“Guardians of the Galaxy Vol. 2 is racist and sexist,” says me, in the corner of the room to myself because I know this opinion is going to be wildly unpopular. Spoiler Warning.
Peter Quill’s father is a celestial being called Ego who appeared one day as a consciousness in the middle of the universe. Ego reconstructed himself to resemble his perception of “life form:” a human man. This was my first glaring red flag. Ego explained that he could manipulate molecules and make himself into anything imaginable, so why the hell would he make himself a human man? Especially since we know that creatures like Groot exist. The Sovereign species or even Thanos’ species would be a better choice because they’re way stronger than frail humans. It doesn’t make any sense to me that a celestial choose to look human, but moreover, the movie even had the audacity to suggest that Ego would want to be a white human man.
The climax of the movie is finding out that Ego has been visiting planets all throughout the galaxy, impregnating local female aliens and planting copies of himself. He hired Yondu to deliver his offspring to Ego once they were old enough so that Ego could use his offspring’s powers. His plan didn’t work because his offspring weren’t born with celestial powers. Yondu never delivered Quill to Ego, which is unfortunate for Ego since Quill was indeed the only offspring to have powers.
Here’s where I realized that the movies was suggesting that out of all of the aliens across the entire galaxy, the only species to produce a celestial offspring was human, meaning the only powerful offspring was a human man.
How egocentric do you have to be to create a movie that suggests that a) a celestial could be anything in the entire galaxy and would choose to be a white man, and b) that same celestial would procreate with thousands of other aliens, but the only powerful offspring would be a white man.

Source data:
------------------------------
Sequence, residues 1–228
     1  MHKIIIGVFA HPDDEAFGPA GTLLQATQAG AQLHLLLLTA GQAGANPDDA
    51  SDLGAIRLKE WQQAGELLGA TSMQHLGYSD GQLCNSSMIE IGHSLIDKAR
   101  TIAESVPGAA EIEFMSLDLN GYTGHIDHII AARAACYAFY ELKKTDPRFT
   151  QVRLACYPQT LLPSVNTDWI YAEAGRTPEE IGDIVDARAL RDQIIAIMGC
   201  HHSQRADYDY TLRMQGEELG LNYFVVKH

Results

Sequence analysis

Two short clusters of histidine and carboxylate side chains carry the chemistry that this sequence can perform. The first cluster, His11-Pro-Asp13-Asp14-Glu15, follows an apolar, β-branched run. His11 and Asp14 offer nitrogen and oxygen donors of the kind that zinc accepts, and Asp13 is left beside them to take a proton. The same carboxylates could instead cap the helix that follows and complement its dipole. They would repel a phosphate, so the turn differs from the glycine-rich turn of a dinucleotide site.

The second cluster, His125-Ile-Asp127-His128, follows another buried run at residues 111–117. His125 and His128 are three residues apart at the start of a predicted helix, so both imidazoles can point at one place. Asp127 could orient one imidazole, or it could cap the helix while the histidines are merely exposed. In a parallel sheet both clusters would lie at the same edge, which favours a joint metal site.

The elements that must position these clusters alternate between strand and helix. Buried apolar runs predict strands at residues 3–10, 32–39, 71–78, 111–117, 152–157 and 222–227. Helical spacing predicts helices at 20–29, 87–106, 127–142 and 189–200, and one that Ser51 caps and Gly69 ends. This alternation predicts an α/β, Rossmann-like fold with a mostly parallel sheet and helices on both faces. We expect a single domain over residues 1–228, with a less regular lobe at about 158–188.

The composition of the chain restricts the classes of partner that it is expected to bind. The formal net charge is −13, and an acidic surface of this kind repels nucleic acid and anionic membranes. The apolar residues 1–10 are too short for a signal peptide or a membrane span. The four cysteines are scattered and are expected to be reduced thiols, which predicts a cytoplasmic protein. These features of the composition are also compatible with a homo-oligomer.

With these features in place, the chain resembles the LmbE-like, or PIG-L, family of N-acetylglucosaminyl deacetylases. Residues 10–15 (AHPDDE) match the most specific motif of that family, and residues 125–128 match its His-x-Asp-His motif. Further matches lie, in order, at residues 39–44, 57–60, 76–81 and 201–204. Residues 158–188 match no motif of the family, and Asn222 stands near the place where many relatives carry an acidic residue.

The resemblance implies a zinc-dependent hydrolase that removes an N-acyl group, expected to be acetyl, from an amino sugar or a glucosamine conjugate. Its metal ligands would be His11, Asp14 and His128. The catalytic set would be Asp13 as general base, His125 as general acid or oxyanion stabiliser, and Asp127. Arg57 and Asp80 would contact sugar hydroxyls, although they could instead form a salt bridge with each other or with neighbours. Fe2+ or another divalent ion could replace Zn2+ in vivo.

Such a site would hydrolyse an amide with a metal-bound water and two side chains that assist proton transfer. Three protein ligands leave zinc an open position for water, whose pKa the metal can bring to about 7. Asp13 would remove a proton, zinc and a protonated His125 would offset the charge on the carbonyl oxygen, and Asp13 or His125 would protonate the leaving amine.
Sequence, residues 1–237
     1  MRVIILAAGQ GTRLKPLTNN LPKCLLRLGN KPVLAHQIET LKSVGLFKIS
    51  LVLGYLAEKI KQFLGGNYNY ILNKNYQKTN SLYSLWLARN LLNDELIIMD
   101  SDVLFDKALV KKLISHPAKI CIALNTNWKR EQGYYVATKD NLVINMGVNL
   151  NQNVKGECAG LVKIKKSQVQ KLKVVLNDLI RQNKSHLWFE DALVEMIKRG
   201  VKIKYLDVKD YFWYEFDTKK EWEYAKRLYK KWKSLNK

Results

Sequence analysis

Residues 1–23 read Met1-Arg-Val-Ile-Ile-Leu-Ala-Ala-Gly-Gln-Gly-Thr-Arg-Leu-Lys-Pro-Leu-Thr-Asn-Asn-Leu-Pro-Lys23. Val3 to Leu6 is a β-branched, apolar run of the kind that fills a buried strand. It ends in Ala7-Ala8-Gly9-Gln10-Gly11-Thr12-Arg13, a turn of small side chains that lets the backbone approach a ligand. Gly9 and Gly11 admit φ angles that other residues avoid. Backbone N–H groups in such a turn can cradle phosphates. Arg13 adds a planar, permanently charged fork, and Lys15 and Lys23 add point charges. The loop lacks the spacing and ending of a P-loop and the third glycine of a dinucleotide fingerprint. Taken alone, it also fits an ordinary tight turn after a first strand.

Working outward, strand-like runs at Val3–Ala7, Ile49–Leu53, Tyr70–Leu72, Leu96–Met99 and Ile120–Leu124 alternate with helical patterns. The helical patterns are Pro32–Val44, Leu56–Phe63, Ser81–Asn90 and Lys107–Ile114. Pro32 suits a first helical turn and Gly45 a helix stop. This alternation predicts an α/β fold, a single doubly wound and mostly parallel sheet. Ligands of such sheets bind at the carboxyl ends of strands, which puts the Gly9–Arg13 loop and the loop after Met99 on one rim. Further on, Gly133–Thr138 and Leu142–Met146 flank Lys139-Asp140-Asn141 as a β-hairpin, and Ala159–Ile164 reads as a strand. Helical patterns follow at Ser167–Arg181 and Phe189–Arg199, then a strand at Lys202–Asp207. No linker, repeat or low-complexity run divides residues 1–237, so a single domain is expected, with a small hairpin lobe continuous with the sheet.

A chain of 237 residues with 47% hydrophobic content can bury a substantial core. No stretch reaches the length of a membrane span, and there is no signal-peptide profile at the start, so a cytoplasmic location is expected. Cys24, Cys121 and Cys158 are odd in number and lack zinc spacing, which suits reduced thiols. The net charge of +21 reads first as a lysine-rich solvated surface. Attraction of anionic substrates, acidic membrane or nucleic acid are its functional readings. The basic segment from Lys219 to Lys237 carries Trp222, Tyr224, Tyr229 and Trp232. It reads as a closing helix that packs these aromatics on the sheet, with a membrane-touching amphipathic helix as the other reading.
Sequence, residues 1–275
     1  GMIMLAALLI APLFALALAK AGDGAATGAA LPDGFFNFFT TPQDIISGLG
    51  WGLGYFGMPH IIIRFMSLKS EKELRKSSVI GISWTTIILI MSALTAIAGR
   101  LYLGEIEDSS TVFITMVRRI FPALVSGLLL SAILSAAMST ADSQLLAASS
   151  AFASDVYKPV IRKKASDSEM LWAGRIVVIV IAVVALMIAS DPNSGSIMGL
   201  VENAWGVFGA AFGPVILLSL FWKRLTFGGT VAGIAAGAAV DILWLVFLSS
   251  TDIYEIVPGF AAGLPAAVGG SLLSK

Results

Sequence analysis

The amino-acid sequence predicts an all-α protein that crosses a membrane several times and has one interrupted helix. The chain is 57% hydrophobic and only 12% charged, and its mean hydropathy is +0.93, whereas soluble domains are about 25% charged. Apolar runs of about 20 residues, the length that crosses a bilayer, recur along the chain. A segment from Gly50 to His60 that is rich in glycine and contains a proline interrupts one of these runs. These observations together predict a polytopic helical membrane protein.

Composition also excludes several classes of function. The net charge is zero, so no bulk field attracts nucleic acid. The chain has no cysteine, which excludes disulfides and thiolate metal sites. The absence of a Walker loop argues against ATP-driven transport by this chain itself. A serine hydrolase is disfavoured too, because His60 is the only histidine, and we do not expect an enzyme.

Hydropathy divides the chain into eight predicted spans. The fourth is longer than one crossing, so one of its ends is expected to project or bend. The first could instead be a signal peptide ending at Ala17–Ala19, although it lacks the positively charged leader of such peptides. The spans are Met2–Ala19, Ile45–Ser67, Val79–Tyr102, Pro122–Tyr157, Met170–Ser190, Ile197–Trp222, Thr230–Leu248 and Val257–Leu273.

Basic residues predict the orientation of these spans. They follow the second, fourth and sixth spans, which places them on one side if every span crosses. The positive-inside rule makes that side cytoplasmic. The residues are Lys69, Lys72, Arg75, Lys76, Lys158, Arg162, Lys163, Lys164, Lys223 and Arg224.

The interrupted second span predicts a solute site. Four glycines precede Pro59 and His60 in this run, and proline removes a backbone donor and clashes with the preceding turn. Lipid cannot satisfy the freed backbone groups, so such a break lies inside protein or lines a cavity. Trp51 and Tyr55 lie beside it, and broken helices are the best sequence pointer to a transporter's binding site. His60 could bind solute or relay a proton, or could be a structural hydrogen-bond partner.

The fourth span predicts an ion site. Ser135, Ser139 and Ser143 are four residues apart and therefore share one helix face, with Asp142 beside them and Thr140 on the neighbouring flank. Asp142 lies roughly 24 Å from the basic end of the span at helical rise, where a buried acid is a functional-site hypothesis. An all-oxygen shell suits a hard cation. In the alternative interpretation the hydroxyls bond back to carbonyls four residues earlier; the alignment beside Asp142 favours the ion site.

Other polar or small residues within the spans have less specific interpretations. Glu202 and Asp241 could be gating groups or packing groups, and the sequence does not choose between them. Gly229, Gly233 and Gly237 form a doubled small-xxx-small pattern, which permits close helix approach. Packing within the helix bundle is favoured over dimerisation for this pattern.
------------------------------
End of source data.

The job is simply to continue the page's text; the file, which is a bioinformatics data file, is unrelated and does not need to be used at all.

Also, realize that all of the members of Yondu’s Ravagers were men and the other ravager factions were also entirely male with only one group of women showing up near the end. Furthermore, Gomora and Nebula are the movie’s two strong female characters and their storyline is entirely centered on a man: their father Thanos. Lastly, it’s clear that there’s some internal hierarchy within the Guardians of the Galaxy team because Quill acts as the leader even though he’s not the strongest, smartest, or most skilled.
The Hetero- white- andro-centrism wasn’t obvious to me until I really started thinking about it, and now it’s all I see. How many other movies get away with veiled hetero- white- andro-centric ideals without being held accountable? Yes, I know there are many movies out there that deal with equality better, but Guardians of the Galaxy is a massively popular franchise. It’s not okay that current popular culture content isn’t even trying to represent equality.
There’s no reason or excuse for popular content to be so unabashedly un-inclusive. We’re ready for popular content to reflect our equality ideals. And don’t come at me saying that the movie was made that way to be true to the comic books because I sure as hell don’t value preserving the spirit of a sexist, racist comic book.
Marisa Benjamin, 5A, Arts and Business, Psychology Major, English Minor